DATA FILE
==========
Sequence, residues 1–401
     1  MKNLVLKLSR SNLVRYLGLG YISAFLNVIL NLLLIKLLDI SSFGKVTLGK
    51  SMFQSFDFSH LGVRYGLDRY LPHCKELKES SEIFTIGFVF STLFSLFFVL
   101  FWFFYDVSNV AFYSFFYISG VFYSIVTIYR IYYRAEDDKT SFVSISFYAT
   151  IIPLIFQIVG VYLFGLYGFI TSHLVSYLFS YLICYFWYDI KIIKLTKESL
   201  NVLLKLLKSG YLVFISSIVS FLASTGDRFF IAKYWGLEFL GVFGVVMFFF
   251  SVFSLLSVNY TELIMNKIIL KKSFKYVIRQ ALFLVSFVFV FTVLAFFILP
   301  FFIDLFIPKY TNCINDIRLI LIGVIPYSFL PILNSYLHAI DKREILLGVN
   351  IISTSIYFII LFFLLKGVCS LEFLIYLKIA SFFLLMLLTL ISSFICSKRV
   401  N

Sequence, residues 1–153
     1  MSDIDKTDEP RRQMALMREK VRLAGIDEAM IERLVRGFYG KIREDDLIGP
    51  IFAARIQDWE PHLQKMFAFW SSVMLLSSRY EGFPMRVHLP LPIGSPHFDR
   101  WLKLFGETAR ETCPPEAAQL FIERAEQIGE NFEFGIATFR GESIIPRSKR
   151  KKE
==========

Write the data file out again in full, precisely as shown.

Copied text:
Sequence, residues 1–401
     1  MKNLVLKLSR SNLVRYLGLG YISAFLNVIL NLLLIKLLDI SSFGKVTLGK
    51  SMFQSFDFSH LGVRYGLDRY LPHCKELKES SEIFTIGFVF STLFSLFFVL
   101  FWFFYDVSNV AFYSFFYISG VFYSIVTIYR IYYRAEDDKT SFVSISFYAT
   151  IIPLIFQIVG VYLFGLYGFI TSHLVSYLFS YLICYFWYDI KIIKLTKESL
   201  NVLLKLLKSG YLVFISSIVS FLASTGDRFF IAKYWGLEFL GVFGVVMFFF
   251  SVFSLLSVNY TELIMNKIIL KKSFKYVIRQ ALFLVSFVFV FTVLAFFILP
   301  FFIDLFIPKY TNCINDIRLI LIGVIPYSFL PILNSYLHAI DKREILLGVN
   351  IISTSIYFII LFFLLKGVCS LEFLIYLKIA SFFLLMLLTL ISSFICSKRV
   401  N

Sequence, residues 1–153
     1  MSDIDKTDEP RRQMALMREK VRLAGIDEAM IERLVRGFYG KIREDDLIGP
    51  IFAARIQDWE PHLQKMFAFW SSVMLLSSRY EGFPMRVHLP LPIGSPHFDR
   101  WLKLFGETAR ETCPPEAAQL FIERAEQIGE NFEFGIATFR GESIIPRSKR
   151  KKE